1984/1985 ended up being an extremely turbulent campaign for Sunderland.
Relegation from Division One, along with a Wembley defeat, summed up the highs and lows of this particular season.
Following his appointment in March 1984, Len Ashurst steadied the ship and led the team to a respectable thirteenth-place finish after the sacking of Alan Durban. He had taken over at a difficult time, with the club struggling financially under the stewardship of Tom Cowie.
Ahead of the new season, Ashurst decided to dismantle and rebuild the team, a process that involved selling many of the club’s most valuable players.
Out went the likes of Bracewell, Chapman, Atkins, James and Rowell, and in came names such as Hodgson, Berry, Wylde, Daniel and Wallace. Two key additions at this time were latter-day club legend Gary Bennett, and goalscoring winger Clive Walker.
This match was the beginning of the love affair between Bennett and Sunderland, an affinity that continues to this day. He moved to Wearside from Cardiff City in a move that would ultimately cost the club £85,000.
On the opening day, Southampton were a formidable opponent.
With Peter Shilton in goal and the fearsome Joe Jordan in their ranks, Sunderland had their work cut out.
After only losing two of their last eight games the previous season, Ashurst’s new look team picked up where they left off, scoring three goals against England’s international goalkeeper and winning 3-1.
The game began in scarcely-believable fashion.
Bennett got onto the scoresheet with a goal from a set piece in the second minute, and only four minutes later, Barry Venison grabbed a second. This made the game comfortable for the Lads, and they scored a third through Mark Proctor with just under fifteen minutes left.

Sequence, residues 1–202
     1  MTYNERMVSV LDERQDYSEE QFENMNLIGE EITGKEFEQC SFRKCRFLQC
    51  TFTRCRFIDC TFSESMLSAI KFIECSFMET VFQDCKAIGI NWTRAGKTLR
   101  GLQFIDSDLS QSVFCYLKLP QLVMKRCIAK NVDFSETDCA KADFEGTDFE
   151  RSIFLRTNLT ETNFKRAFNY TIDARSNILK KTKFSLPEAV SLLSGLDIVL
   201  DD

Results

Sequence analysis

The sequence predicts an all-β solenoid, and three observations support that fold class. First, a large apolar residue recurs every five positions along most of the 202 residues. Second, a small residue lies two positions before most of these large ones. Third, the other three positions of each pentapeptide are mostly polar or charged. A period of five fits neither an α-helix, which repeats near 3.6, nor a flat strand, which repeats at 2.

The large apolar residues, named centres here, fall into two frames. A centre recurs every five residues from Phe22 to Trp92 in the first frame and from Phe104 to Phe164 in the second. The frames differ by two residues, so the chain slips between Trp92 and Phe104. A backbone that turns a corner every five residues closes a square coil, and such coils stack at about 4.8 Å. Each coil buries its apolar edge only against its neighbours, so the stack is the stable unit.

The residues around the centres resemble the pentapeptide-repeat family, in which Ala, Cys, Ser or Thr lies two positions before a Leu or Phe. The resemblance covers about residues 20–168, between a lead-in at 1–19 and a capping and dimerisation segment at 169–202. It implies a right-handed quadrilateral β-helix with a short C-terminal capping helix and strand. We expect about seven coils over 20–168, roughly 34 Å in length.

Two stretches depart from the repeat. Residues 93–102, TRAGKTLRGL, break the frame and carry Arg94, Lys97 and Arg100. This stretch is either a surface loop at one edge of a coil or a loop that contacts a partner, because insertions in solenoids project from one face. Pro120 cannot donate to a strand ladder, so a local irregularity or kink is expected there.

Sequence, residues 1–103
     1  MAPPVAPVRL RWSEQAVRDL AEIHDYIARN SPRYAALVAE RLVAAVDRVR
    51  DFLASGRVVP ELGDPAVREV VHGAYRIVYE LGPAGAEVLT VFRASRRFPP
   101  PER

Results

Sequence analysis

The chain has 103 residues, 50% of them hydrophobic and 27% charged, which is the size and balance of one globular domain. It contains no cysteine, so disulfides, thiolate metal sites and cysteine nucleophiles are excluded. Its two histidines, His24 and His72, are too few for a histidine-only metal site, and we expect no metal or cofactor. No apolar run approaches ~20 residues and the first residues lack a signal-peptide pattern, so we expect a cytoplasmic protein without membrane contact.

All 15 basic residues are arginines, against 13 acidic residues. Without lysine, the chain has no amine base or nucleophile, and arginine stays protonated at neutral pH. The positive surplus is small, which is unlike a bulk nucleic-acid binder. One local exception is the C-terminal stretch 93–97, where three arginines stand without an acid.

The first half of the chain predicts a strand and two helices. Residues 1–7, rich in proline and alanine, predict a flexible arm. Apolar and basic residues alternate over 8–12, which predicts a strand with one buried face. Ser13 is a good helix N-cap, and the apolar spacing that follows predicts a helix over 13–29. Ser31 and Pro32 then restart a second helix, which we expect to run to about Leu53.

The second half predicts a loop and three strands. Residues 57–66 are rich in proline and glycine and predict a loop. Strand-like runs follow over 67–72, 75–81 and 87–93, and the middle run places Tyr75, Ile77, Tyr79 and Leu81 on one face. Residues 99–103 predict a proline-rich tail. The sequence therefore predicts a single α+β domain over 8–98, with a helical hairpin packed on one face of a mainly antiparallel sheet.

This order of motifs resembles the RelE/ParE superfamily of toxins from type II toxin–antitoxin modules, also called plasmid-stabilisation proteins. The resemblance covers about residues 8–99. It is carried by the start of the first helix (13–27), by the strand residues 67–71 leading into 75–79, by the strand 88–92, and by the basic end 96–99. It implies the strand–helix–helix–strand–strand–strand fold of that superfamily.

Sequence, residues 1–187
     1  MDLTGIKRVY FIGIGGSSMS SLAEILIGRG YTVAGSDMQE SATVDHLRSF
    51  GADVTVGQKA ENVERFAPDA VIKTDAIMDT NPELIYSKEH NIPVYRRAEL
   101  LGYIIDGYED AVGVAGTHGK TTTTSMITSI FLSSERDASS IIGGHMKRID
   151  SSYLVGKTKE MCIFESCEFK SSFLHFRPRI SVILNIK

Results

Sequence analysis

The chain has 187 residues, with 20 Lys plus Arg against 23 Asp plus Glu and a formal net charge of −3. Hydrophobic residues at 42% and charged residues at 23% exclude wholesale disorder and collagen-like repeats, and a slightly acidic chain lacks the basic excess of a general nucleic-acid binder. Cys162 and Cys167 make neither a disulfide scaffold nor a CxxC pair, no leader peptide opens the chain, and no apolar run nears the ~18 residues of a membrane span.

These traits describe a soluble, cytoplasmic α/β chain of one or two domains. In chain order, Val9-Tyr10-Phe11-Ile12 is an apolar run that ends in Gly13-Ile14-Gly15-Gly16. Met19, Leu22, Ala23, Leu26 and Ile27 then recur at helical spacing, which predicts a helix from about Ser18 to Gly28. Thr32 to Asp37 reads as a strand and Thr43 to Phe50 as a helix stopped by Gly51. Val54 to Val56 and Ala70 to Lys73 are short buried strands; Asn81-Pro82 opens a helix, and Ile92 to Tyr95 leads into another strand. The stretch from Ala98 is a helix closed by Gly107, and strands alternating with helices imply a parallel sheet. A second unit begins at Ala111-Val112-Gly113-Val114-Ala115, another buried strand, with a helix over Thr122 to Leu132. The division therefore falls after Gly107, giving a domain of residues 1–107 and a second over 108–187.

There would have been frustration for goalkeeper Chris Turner, who conceded a late goal from David Armstrong that made the scoreline look a little more respectable from a Saints perspective.
This day belonged to Sunderland, however, and in particular their new signings, including the aforementioned Bennett.
In more recent times, he has spoken fondly about this game and what he remembers about it, as well as his overall start to his career at Roker.
It was a special occasion for me- not only my Sunderland debut but also my first time playing top-level football. It was the first time for me to get that taste of what it was like to play for those supporters and also to play at Roker Park.
I scored a goal in the first couple of minutes which always helps to start winning supporters over. I had them from that day on and didn’t need to look back.
When you’re making your debut, supporters want to see what you’re all about and I was just something different altogether. I was a centre-half who was coming out from the back and playing out. People are thinking, ‘what is he doing?!’
The goal itself is a bit vague in my mind but I remember that I was playing against some big internationals. They had Joe Jordan up up front and Peter Shilton in goal.
It’s a set piece, it’s fallen to me and I’ve just put my foot through it and it’s in the back of the net.”
To score against the England number one, that was the icing on the cake.
Special it was, and Ashurst’s new-look side actually started the season quite well.
Up until November, the team had only lost a couple of times, and bizarrely, they drew five games in a row between September and October, which ultimately diluted what was a decent start to the campaign.
Things were going well until Sunderland were on the wrong end of a hammering from a Gary Lineker-inspired Leicester City - and the slide began after this defeat.
‘The turning point came in a home game against Leicester, who had somewhat of a struggling side. They also had one of the best forward lines of the 1980s, with Lynex, Lineker and Smith (yes, THAT Lineker).’
‘The result was that Sunderland were finally found out to the tune of a 0-4 reverse and from there on it was a hard slide towards relegation. A pattern was visible with Ashurst teams. When things went wrong, players constantly switched positions, formations were changed, and they generally looked bereft of ideas. Think of the England performance against Iceland at the Euros.’
‘That was Len’s Sunderland.’
‘Len’s Sunderland’ struggled from that point on, and finished the season second from bottom, only ahead of a dreadful Stoke City team. Even the cup final at Wembley couldn’t even bring any happiness, as the Lads lost 1-0 to Norwich City.
With no wins from their final nine games, Sunderland were relegated to Division Two, and Ashurst paid with his job.
Things couldn’t get any worse, could they?
Southampton (H) August 25th, 1984.
Sunderland XI: Turner, Pickering, Chisholm, Elliott; Bennett, Venison, Proctor, Berry; West, Gayle, Walker.
Goals: Bennett, Proctor, Venison, Armstrong.